MIA ZABELKA: M (Monotype Records)


Posted on Nov 30th 2011 01:35 am

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Mia Zabelka: M

Monotype Records 2011
07 Tracks. 59mins46secs

It couldn’t be simpler: one letter, one performer, one instrument, and a battery of effects and electronics. Yet, M is anything but a simple and straightforward record.

Hailing from Vienna, and currently residing in the south eastern Austrian province of Styria where she founded the Klang.haus, a centre for sound and interdisciplinary arts in 2007, Mia Zabelka is an experimental violinist who has performed all over the world. A classically-trained musician and composer who has since developed a style all of her own for which she combines electric violin, voice and electronics. She has won the Prix Ars Electronica no less than three times, regularly performs as part of One.Night.Band, a loose collective she founded with experimental multi-instrumentist and composer Zahra Mani in 2002, and has released a number of solo and collaborative works on a variety of labels.

Published on the decidedly excellent Monotype Records, M was entirely composed and performed by Zabelka. Using the electric violin as her sole instrument, she builds incredibly intricate sonic landscapes from loops, upon which she adds textures, some sourced from her instrument, others from her body, and occasional vocal components to create a particularly dense and absorbing soundtrack. The treatment applied onto her instrument varies greatly, from moments where the violin is left pretty much untouched to sequences where Zabelka layers distorted or saturated sounds into extremely complex sound structures.

On the opening piece, Koerperklangmaschine, Zabelka loops a series of plucked sounds into delicate melodic structures which, at first, appear extremely stripped down and simple, but as more loops and delays are applied, become more complex and enigmatic, until she swaps plucked for bowed strings toward the end. At the other end of the record, Roter Halbmond forms from repetitive stabs of strummed strings which serve as the basis for textural components and progressive bowed components to develop, until these eventually disintegrate in a clatter of noises.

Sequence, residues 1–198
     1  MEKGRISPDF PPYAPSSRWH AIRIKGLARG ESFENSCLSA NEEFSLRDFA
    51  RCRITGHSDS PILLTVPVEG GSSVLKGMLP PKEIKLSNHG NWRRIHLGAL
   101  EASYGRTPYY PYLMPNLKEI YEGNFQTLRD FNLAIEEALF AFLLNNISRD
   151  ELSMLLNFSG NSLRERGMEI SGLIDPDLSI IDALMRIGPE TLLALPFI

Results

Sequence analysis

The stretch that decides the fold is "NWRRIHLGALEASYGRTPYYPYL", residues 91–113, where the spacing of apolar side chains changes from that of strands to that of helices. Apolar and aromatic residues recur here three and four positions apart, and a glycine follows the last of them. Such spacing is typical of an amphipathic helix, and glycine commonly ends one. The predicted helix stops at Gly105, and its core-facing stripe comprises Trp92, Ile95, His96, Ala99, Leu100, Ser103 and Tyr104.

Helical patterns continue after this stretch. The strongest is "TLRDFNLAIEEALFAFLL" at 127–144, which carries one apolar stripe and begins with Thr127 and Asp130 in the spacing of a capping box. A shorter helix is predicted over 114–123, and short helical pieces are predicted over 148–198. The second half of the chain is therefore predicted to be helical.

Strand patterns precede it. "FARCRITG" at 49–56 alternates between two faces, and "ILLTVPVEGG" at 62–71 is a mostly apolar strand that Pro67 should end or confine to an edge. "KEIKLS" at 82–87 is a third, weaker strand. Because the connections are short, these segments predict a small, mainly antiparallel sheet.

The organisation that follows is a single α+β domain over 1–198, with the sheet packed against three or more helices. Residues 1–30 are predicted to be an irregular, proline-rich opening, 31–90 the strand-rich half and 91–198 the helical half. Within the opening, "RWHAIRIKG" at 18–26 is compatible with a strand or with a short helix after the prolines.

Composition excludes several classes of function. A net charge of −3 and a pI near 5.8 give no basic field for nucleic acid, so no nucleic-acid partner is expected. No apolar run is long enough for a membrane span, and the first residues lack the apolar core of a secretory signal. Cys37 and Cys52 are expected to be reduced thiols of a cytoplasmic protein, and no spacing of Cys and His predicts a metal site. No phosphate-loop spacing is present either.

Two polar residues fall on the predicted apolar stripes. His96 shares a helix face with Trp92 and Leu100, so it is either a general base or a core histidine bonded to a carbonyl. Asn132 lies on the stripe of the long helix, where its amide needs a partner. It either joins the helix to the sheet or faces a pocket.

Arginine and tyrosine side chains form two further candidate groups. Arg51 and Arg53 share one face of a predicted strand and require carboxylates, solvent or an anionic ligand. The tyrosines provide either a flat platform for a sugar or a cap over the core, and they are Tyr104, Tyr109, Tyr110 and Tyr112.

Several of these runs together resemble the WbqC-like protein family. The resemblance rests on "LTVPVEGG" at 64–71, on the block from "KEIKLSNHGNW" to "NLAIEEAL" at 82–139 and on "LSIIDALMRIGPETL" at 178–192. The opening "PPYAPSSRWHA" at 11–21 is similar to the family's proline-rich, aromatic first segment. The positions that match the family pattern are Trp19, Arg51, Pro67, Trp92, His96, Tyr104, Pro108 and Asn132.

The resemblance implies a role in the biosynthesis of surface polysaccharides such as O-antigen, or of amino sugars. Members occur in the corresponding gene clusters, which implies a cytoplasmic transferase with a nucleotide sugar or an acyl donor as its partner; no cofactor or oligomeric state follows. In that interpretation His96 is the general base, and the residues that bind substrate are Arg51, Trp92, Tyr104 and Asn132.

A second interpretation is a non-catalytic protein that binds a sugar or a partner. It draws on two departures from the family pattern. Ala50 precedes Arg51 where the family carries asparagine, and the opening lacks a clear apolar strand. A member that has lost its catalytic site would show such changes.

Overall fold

This layering process is applied in quite a very different way on the rather more sombre Malstrom or Adil’ Iu later on. On the former, Zabelka slowly builds up a dense drone-like formation from bowed strings until its outer appearance becomes less defined. The process is hazier on the latter as fragments of melodies try to pierce the wall of sound which floats in the back as Zabelka places all sorts of vocal scraps in the foreground, some vaguely resembling human language, others sounding much more animal and primal.

Zabelka’s approach to the human voice is at times reminiscent of Sisdel Endresen or Maja Ratkje, as she uses it more as an instrument from which a wide range of weird and wonderful sounds can be extracted, rather than as a simple mean of communication. Mind Scratching is a striking example of this as she abandons the violin entirely to assemble a rather intriguing piece during which her voice is applied in so many tones and functions that it ends up sounding like multiple alien conversations.

Elsewhere, the violin is tortured, distorted and dissected into myriads of sonic components as the intense electro-acoustic exercise on Tenebrae veers off away from melody entirely. Earlier though, it is a completely opposite approach which informs the haunting Opus M as Zabelka dispenses sparse fragments of melody which, whilst incomplete, develop into particularly touching sequences.

With M, Mia Zabelka not only pushes into particularly exquisite sonic experimentation with her violin, but her use of her body, her instrument as an object, and her voice give this record a totally different dimension. At times dreamy, at others disturbing, M is above all a particularly vibrant masterpiece of experimental music.


Mia Zabelka | Monotype Records

M – generative visuals set from mia makela on Vimeo.

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